Was Spiritualism ever meant to be a Religion?

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Re: Was Spiritualism ever meant to be a Religion?

Post by Quiet on Thu Nov 17, 2011 4:24 pm

mac wrote:"I am developing a personal feeling that spiritualism for a time made it possible for Spirit to manifest in the world. I am gra......"

I explained why I use 'Spiritualism' with an upper case 'S' so what a curious transposition of capital and lower case letter 's' in spiritualism and Spirits in the above piece..... scratch

I am, of course, a pedantic Modern Spiritualist! Laughing Laughing Laughing


Mac, you are pedantic Smile. The capitalisation was deliberate though. It is simply a matter of style and meaning being different.

Quiet


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Re: Was Spiritualism ever meant to be a Religion?

Post by mac on Thu Nov 17, 2011 5:25 pm

"The capitalisation was deliberate though. It is simply a matter of style and meaning being different. "

I still don't understand why you capitalised 'Spirits' and left 'spiritualism' with a lower case 's'....

mac


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Re: Was Spiritualism ever meant to be a Religion?

Post by Quiet on Thu Nov 17, 2011 5:47 pm

Mac, it doesn't really matter all that much. In this instance the capitalisation of Spirit was just my way of differentiating Spirit from 'spiritualism', the religion.

I might write things differently in another context. As you might see from another post I might not always be consistent because it is not really the main point of the discussion.

I won't enter a discussion about capitals/no capitals because it is not the main theme of this thread. Pardon my firmness here but I can remember thread in this forum which went to absurd lengths about the interpretation of a word (from memory) and I just don't want that now because it isn't relevant.

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Re: Was Spiritualism ever meant to be a Religion?

Post by mac on Thu Nov 17, 2011 8:47 pm

"Quiet"

Mac, it doesn't really matter all that much. ...to you In this instance the capitalisation of Spirit was just my way of differentiating Spirit from 'spiritualism', the religion. curious....

I might write things differently in another context. why? As you might see from another post I might not always be consistent because it is not really the main point of the discussion. That's illogical..... Consistency never detracts from a discussion point and it does avoid ambiguity.

I won't enter a discussion about capitals/no capitals because it is not the main theme of this thread. I didn't ask you to discuss it. Pardon my firmness here but I can remember thread in this forum which went to absurd lengths about the interpretation of a word (from memory) and I just don't want that now because it isn't relevant. What firmness? You answered my question. Wink

mac


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Re: Was Spiritualism ever meant to be a Religion?

Post by obiwan on Thu Nov 17, 2011 10:36 pm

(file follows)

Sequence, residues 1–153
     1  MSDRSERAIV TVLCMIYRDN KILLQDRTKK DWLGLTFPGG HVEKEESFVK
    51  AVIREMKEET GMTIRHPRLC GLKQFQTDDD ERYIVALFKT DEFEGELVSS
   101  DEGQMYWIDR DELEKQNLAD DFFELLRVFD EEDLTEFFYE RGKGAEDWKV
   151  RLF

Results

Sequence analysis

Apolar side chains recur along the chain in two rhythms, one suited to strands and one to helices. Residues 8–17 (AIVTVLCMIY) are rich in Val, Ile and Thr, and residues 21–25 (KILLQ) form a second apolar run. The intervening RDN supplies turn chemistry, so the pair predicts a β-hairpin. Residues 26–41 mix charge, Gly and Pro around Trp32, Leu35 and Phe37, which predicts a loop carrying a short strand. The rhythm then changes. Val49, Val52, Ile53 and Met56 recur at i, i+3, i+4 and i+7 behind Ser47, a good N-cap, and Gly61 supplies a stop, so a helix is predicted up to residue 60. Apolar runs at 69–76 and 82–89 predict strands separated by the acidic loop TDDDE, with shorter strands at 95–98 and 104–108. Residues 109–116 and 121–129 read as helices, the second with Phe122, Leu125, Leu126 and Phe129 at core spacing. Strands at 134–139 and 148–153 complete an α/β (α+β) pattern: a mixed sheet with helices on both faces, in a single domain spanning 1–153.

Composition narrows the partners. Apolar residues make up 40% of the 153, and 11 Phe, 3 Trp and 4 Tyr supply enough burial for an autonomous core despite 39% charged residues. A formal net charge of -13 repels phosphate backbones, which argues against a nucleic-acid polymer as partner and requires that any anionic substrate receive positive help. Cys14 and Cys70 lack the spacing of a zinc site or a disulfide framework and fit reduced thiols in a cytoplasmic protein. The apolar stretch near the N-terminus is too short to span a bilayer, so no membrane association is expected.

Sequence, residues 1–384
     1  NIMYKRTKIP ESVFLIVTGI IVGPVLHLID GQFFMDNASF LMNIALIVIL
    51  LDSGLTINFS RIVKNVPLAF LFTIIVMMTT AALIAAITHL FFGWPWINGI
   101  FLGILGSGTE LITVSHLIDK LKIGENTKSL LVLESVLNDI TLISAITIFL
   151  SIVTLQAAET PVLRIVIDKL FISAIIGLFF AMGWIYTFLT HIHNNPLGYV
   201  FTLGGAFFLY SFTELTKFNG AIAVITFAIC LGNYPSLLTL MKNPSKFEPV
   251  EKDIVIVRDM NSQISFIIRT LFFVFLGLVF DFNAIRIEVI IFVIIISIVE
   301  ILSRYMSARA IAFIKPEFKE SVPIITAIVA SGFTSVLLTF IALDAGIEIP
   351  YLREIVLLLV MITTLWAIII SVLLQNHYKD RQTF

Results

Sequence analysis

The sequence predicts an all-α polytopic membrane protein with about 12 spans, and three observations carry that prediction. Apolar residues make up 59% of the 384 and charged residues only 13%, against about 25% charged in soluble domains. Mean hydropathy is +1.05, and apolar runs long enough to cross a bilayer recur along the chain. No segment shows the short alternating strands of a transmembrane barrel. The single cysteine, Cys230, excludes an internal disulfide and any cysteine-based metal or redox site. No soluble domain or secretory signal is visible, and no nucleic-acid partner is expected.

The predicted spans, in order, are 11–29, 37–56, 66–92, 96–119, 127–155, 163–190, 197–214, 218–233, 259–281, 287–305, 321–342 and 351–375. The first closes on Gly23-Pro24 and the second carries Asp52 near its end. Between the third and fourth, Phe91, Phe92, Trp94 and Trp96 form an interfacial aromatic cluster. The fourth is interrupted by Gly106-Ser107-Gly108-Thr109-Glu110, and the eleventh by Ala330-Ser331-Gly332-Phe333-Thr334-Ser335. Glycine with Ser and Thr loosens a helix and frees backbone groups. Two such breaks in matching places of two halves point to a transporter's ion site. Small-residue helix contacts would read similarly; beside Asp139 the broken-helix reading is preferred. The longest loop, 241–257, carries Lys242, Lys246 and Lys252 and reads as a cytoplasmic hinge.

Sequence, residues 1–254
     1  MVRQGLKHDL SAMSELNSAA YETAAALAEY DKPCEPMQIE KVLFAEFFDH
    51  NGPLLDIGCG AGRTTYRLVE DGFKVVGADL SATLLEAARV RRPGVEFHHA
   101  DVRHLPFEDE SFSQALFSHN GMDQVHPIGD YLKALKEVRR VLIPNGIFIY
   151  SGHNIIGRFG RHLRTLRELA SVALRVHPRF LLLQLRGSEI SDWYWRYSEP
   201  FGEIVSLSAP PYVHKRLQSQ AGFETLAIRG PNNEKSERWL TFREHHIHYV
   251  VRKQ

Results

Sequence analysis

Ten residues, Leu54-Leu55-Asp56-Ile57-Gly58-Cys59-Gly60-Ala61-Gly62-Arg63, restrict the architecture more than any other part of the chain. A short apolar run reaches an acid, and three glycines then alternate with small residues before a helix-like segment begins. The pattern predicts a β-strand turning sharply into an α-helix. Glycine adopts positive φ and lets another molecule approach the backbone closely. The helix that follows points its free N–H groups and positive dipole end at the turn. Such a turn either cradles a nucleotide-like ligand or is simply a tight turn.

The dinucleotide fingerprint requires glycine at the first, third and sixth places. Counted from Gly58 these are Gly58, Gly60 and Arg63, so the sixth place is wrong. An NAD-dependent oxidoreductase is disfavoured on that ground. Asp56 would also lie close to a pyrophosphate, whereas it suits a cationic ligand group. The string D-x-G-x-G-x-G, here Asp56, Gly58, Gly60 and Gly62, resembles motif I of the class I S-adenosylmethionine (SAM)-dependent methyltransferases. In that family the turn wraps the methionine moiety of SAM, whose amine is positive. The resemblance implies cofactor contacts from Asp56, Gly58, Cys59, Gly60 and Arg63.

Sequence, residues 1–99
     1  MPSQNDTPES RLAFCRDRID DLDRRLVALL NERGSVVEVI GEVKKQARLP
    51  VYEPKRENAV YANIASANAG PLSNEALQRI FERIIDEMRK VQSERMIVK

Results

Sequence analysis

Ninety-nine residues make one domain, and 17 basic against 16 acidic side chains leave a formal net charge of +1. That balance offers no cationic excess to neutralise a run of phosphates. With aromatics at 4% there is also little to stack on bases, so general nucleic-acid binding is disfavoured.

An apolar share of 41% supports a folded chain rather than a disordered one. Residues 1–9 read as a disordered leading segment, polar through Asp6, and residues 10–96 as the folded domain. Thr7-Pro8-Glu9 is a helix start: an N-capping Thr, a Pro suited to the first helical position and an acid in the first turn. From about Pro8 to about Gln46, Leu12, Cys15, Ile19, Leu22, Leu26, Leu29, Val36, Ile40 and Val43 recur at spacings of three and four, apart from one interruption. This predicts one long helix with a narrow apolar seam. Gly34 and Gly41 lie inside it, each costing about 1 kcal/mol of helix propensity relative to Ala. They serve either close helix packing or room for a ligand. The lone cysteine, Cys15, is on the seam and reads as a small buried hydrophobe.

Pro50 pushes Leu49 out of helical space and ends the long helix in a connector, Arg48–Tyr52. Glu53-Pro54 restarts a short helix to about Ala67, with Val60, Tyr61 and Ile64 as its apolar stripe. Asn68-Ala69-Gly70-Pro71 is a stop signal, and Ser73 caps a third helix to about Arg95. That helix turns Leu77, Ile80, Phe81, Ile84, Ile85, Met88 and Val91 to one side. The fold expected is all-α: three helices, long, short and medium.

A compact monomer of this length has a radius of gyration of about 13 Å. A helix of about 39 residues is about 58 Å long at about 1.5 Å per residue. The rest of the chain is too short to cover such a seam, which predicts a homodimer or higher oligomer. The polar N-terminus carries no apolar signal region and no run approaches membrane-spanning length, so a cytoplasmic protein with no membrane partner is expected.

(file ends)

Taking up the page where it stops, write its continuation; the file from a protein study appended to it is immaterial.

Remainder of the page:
Yeah cos the meaning of words isn't that important lol


Last edited by obiwan on Fri Nov 18, 2011 1:44 pm; edited 1 time in total

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Re: Was Spiritualism ever meant to be a Religion?

Post by Quiet on Fri Nov 18, 2011 10:17 am

Discussing issues is always challenging on Internet forums. You don't know people and you can't see them.

I was only interested in discussing the question of whether spiritualism was meant to be a religion. I was surprised to get caught up in things that don't seem relevant or important to me. You describe yourself as a pedant, Mac,and I responded by joining in the joke. A discordant note has now entered the discussion, much to my regret. That was not my intention.

I'll take a break from this forum and wish you all well.

Quiet


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Re: Was Spiritualism ever meant to be a Religion?

Post by Admin on Fri Nov 18, 2011 10:34 am

Hi Quiet,

I am sad to hear that, especially as you are a fellow Aus. Please reconsider, at times people have strong views on one word, I can as, the leader of an Australian centre, understand their views and the need to sustain a belief in Modern Spiritualism, capitals intended. it is the retreat from that which has seem the dimunition in both mediumship and inspiration replaced by new age ideals.

Those of us who believe need to stay together although we may not always agree.
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Re: Was Spiritualism ever meant to be a Religion?

Post by hiorta on Fri Nov 18, 2011 10:39 am

Can I request that you reconsider, Quiet?

Your reasoned input brings a quiet energy to us all. The maxim 'Be true to yourself' holds.

""I'm not sure what you mean by this and would be interested in an explanation" : Quiet.

I was thinking that as Christianity is now unacceptable to the reason of an increasing number and of course Christians automatically grab the 'divine high ground' as theirs, thus pushing folk to the atheistic sidelines.

If an 'Atheist' were to receive the life-changing evidence of Survival, it must open deep mental seams of productive thought. From this could arise the Spiritualism of tomorrow, perceiving The Great Spirit in terms more appropriate to a post Christian era.


Last edited by hiorta on Fri Nov 18, 2011 10:51 am; edited 1 time in total (Reason for editing : Additional text)